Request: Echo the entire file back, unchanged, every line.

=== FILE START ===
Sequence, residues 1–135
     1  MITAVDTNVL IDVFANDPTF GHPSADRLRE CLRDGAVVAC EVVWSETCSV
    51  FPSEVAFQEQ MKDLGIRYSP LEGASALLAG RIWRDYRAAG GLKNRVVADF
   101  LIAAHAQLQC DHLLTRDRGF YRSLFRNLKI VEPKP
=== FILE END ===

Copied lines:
Sequence, residues 1–135
     1  MITAVDTNVL IDVFANDPTF GHPSADRLRE CLRDGAVVAC EVVWSETCSV
    51  FPSEVAFQEQ MKDLGIRYSP LEGASALLAG RIWRDYRAAG GLKNRVVADF
   101  LIAAHAQLQC DHLLTRDRGF YRSLFRNLKI VEPKP